CBC Literary Prizes

Naming her stillborn child inspired Lise Gaston to write the poem that won the 2021 CBC Poetry Prize

She wrote James in hopes that her poem could speak to other parents who have also endured the loss of a child. 

She wrote James in hopes that her poem could speak to other parents who have also endured the loss of a child

Lise Gaston is a writer from Vancouver. (Submitted by Lise Gaston)

This conversation contains details of pregnancy and child loss that some readers may find distressing.

Lise Gaston has won the 2021 CBC Poetry Prize for James

She will receive $6,000 from the Canada Council for the Arts and attend a two-week writing residency at the Banff Centre for Arts and Creativity.

Gaston was born in Toronto and raised in Fredericton and Victoria. She received a BA from the University of Victoria and a MA from Concordia University in Montreal. Before moving to Vancouver, she lived in Edmonton for three years. Gaston taught English at the University of British Columbia for two years. 

She wrote James in hopes that her poem could speak to other parents who have also endured the loss of a child. 

She spoke to CBC Books about how she wrote her winning entry.

This conversation contains details of pregnancy and child loss.

Writing in fragments

"Right after James, my son, died, I didn't write for six months. I couldn't. I was just in survival mode. It was enough to get out of bed and go to work and be myself. When I did start writing again, this was one of the first poems I wrote. 

"I wrote [this poem] in fragments. It was one of the first things that I wrote. I then wrote other components over the course of about a month and ended up putting them together as they seemed to speak to each other. 

"It came to be over the course of many months of adding and taking away other components that was about loss. We lost my daughter as a second trimester last spring, so there's part of that loss in the editing stage as well, even though this poem is about losing James.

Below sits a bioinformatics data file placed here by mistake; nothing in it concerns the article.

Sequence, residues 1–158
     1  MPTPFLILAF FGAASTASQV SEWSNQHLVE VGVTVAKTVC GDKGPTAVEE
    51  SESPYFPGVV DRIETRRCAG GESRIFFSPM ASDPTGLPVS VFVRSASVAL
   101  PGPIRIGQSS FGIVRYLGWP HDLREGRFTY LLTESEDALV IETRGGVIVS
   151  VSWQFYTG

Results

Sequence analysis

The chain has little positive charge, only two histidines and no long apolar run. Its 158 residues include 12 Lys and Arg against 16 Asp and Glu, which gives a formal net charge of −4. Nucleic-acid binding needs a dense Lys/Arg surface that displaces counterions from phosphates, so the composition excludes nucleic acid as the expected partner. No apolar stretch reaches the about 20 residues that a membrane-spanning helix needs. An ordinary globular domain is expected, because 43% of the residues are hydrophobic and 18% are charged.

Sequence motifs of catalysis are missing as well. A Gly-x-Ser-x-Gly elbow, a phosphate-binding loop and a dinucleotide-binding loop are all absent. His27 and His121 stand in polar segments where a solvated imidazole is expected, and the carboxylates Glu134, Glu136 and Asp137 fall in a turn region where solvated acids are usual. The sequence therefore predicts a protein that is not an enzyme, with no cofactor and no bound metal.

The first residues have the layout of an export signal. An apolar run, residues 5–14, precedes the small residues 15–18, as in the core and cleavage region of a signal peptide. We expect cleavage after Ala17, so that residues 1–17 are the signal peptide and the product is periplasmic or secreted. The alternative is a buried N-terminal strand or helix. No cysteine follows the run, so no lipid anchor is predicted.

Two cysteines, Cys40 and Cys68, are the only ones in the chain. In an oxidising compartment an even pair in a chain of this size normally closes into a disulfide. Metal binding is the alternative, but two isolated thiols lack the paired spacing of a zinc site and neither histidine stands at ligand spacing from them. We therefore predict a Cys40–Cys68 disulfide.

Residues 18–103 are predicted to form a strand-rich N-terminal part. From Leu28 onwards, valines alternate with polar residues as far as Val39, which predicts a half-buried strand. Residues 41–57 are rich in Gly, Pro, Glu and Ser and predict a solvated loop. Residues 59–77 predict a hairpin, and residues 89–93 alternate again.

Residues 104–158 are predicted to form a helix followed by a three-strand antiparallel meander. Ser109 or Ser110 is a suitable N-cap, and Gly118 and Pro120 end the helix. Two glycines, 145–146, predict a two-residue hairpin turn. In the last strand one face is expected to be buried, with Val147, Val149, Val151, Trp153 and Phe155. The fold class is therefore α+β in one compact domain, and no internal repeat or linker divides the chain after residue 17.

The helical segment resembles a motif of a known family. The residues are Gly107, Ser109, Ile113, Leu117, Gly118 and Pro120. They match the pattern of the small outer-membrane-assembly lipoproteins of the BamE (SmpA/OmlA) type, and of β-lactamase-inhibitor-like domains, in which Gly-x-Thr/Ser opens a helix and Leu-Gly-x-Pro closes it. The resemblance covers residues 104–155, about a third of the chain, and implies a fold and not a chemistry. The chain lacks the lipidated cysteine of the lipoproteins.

It was a way for me to get back into writing. A way for me to explore what this loss could look like in writing.

"It was a way for me to get back into writing. A way for me to explore what this loss could look like in writing."

Focus on naming

"I focus on [naming] because I think it was something concrete, both in terms of a specific action, but also a specific word. The experience of stillbirth is so overwhelming for so many reasons, and it seemed impossible to write about.

"I was still grappling with this idea that he was not going to make it. Everything seemed lost. All the imagined futures were gone. I never thought at the time about the fact that his name would actually carry on. But I will always have a son named James. I was coming to terms with that element of permanence amidst all of the loss. 

I will always have a son named James. I was coming to terms with that element of permanence amidst all of the loss.

"I was trying to put these feelings into language — and to have this piece of language that I can engage with seemed like a way into writing about such an overwhelming experience."

An emotional experience

"It's an incredibly emotional experience working on this poem in contrast to a lot of my previous poetry. I would have to take [writing this poem] in increments. I would do a round of edits on it, then I'd have to step away because it'd be too emotionally draining.

"Even revisiting it now, I have to take a breath and give myself space. There are a lot of difficult emotions wrapped up in this poem, more so than anything else I have ever written."

Recognizing and honouring grief

"Talking about loss honours us parents who don't have living children. Talking about it helps to recognize us as parents, not just that we're recognized by others, but that we can recognize ourselves and honour our grief around it.

"I think not speaking about it suggests that the grief is not valid. That, because this child never lived outside of my body, they're not worth grieving for. I think that's really painful. Everyone who experiences pregnancy or infant loss has different levels of comfort of talking about it. When I started speaking about it and I was very vocal — not just in poetry, but also socially — it surprised me how many people then shared their own stories of loss.

I think not speaking about it suggests that the grief is not valid. That because this child never lived outside of my body, they're not worth grieving for. I think that's really painful.

"In that way, we can help honour each other. The biggest thing that has helped get me through this is a support group of mothers who have lost pregnancies and infants and they have helped me recognize myself as a mother."

Lise Gaston's comments have been edited for length and clarity.

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